13. And he called his ten servants, and delivered them ten pounds, and said unto them, Occupy till I come.
[And delivered them ten pounds.] This parable of the pounds hath for the general the very same scope with that of the talents, Matthew 25. That nobleman or king that went into a far country to receive for himself a kingdom is Christ in his gospel, going forth to call in the Gentiles to his obedience: returning, he cuts off the nation of the Jews that would not have him to reign over them, verse 27: and while they were now in expectation of the immediate revelation of the kingdom of heaven, and were dreaming many vain and senseless things concerning it, our Saviour, by this parable, warns and admonisheth them, that he must not look for any advantage by that kingdom who cannot give a good account of those talents which God had committed to his trust and improvement.
A talent is the value of sixty pounds. A pound is a hundred drachms. A drachm is six oboli. An obolus is six pieces of brass coin. A brass piece of coin is seven mites.
44. And shall lay thee even with the ground, and thy children within thee; and they shall not leave in thee one stone upon another; because thou knewest not the time of thy visitation.
[Because thou knewest not the time of thy visitation.] The Masters dispute the reason of the laying-waste of Jerusalem.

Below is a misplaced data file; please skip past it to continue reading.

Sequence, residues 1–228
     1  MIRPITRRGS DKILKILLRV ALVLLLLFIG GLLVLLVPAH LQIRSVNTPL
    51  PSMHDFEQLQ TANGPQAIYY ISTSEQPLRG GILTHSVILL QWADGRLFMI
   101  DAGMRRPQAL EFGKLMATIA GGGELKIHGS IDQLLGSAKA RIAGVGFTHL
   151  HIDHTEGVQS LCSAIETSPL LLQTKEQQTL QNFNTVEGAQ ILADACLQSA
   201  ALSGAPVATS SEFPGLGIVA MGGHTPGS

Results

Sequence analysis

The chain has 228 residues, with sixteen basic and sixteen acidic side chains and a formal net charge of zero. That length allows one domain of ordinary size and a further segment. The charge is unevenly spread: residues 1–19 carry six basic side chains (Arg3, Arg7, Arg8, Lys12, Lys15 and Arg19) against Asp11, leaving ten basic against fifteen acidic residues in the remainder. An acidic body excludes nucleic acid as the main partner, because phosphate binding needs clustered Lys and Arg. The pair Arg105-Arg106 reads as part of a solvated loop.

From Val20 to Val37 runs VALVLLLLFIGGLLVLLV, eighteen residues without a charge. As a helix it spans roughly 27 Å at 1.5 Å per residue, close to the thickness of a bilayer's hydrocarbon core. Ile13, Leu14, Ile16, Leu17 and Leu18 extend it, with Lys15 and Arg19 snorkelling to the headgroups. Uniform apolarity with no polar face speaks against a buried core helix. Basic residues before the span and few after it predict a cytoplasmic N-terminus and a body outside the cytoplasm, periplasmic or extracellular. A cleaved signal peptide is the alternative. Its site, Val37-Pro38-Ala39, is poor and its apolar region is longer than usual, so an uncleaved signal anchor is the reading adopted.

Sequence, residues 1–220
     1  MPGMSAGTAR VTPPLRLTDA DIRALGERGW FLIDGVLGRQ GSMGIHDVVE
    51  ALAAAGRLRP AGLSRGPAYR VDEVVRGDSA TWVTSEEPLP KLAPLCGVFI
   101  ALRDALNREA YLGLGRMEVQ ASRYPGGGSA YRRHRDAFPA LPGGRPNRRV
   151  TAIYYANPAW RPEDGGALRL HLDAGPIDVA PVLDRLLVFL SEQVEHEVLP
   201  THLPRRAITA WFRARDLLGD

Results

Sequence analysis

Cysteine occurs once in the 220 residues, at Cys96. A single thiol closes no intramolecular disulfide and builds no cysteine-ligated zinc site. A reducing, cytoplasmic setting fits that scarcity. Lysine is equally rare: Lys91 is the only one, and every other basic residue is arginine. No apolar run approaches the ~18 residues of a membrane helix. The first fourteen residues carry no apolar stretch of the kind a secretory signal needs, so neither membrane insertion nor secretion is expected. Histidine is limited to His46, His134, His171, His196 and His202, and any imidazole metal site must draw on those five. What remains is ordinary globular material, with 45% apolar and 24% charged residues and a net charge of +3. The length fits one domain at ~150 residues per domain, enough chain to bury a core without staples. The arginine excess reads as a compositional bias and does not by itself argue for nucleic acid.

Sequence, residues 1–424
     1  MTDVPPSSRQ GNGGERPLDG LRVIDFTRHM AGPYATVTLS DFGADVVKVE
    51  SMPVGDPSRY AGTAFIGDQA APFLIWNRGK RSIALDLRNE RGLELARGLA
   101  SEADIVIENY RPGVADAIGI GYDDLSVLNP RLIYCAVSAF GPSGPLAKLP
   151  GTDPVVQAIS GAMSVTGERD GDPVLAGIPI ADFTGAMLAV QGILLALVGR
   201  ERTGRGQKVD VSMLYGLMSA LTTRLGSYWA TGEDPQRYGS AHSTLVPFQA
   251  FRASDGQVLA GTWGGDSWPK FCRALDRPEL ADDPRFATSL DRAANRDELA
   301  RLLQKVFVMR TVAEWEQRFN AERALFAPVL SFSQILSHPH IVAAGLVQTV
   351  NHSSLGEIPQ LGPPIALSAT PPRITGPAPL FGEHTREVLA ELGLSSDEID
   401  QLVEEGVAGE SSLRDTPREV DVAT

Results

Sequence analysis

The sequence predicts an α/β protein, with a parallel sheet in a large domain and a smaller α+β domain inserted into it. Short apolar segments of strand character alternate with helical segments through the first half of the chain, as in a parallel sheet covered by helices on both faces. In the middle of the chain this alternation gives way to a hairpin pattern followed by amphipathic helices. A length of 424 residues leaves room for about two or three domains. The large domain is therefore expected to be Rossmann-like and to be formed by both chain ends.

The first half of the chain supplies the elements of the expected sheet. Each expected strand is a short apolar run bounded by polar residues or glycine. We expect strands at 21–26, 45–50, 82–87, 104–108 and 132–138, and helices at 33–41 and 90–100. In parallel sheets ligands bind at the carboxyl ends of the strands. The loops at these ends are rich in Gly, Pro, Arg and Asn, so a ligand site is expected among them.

“Abai saith, Jerusalem was not destroyed for any thing but the profanation of the sabbath. R. Abba saith, It was not destroyed for any thing but their neglect in reciting their phylacteries morning and evening. Rabh Menona saith, It was not destroyed for any thing but their not minding the bringing up of their children in the school. Ulla saith, Jerusalem had not been destroyed but for their immodesty one towards another. R. Isaac saith, It had not been destroyed, but that they equalled the inferior with the superior. R. Chainah saith, It had not been destroyed, but that they did not rebuke one another. R. Judah saith, It had not been destroyed, but that they condemned the disciples of the wise men,” &c. But Wisdom saith, Jerusalem was destroyed, because she knew not the time of her visitation.
All those great good things that were promised to mankind were promised as what should happen in the last days, i.e. in the last days of Jerusalem. Then was the Messiah to be revealed: then was the Holy Ghost to be poured out: then was the mountain of the Lord to be exalted, and the nations should flow in to it: in a word, then were to be fulfilled all those great things which the prophets had foretold about the coming of the Messiah and the bringing in of the gospel. These were the times of Jerusalem’s visitation, if she could have known it. But so far was she from that knowledge, that nothing was more odious, nothing more contemptible, than when indeed all these ineffable benefits were dispensed in the midst of her. Nor indeed were those times described beforehand with more remarkable characters as to what God would do, than they were with black and dreadful indications as to the perverseness and obstinacy of that people. They were the best of times, and the worst generation lived in them. In those last days of that city were ‘perilous times,’ 2 Timothy 3:1: ‘departing from the faith,’ 1 Timothy 4:1: ‘Scoffers’ of religion, 2 Peter 3:3: in a word, ‘many antichrists,’ 1 John 2:18. So far was Jerusalem and the nation of the Jews from knowing and acknowledging the things that belonged unto their peace.